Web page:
Wrote Brennan: "If there is a bedrock principle underlying the First Amendment, it is that the government may not prohibit the expression of an idea simply because society finds the idea itself offensive or disagreeable. We do not consecrate the flag by punishing its desecration, for in so doing we dilute the freedom that this cherished emblem represents."

It's a classic and obvious free-speech point: The First Amendment isn't needed to protect speech with which most Americans are comfortable. It's needed to protect speech that most people detest.

Is there a serious danger to watering down freedom of speech? Is there really any likelihood, in our great democracy, that some overbearing government figure is going to demand patriotic loyalty among citizens?

Please consider Ashcroft's words carefully:
"At a time when America's virtues need to be clearly articulated by our national leaders, and when patriotism is dismissed by many as arrogance, America needs, more than ever, something to celebrate. We need a national symbol that unites us and makes us grateful to live in freedom in America.

"America needs its Flag unblemished, representing not a person or any partisan interest, but this extraordinary nation. The Flag, and the freedom for which it stands, has a unique ability to unite us as Americans." (Capitalization of the "Flag" is Ashcroft's style, not standard newspaper practice, at least not until it is so legislated.)

Now suppose someone happens to differ from Ashcroft about our nation. Suppose someone doesn't consider America to be so virtuous, that they consider it overly nationalistic to the point of arrogance, that they feel persecuted and ostracized and anything but grateful for what they feel is a denial of their own freedoms. Suppose they want to change America more than celebrate it.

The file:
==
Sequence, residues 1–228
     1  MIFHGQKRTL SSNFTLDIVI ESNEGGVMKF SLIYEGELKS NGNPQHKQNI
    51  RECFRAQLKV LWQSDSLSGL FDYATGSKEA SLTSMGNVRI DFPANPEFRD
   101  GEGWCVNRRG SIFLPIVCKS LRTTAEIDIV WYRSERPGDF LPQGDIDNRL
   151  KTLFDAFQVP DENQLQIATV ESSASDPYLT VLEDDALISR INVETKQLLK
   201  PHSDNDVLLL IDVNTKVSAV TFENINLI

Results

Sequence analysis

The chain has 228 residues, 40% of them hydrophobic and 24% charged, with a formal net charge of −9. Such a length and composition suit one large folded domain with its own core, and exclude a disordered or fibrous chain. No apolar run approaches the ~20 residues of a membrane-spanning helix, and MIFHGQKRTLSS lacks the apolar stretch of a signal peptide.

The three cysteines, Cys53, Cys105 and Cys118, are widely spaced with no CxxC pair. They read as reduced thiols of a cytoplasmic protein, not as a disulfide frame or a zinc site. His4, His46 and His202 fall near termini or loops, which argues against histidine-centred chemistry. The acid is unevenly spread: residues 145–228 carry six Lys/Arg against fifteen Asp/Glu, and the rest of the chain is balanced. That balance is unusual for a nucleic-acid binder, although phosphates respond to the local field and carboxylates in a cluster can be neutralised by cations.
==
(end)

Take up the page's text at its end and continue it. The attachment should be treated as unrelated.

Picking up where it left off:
If that person dissents from virtually every point advanced by Ashcroft as the indisputable truth, why should he be bound by Ashcroft's (or others') particular reverence for the flag? If our government and "national leaders" can impose this limitation, what's to prevent further restrictions on expression in the name of patriotism?

Precisely 10 years ago this week, it was argued before the U.S. Supreme Court that to allow the burning of a flag would destroy it as our "symbol of nationhood and national unity." In response, one of the justices pointed out that, to the contrary, the protest action by flag-burner Johnson "would have been useless unless the flag was a very good symbol. His action does not make it any less a symbol."

The justice also wondered whether the special protection afforded the flag as a sacred symbol might also be then granted to copies of the U.S. Constitution: "Well, how do you pick out what to protect? I mean, if I had to pick between the Constitution and the flag, I might well go with the Constitution."

Which "liberal" justice raised these anti-patriotic questions? Which enemy of the people would thus jeopardize Old Glory?

That would be one Antonin Scalia, presumably the court's most conservative voice, and one of the key votes upholding the First Amendment in 1989. Over the past 10 years, such words of wisdom have been rare from Scalia.

But not as rare as flag-burning.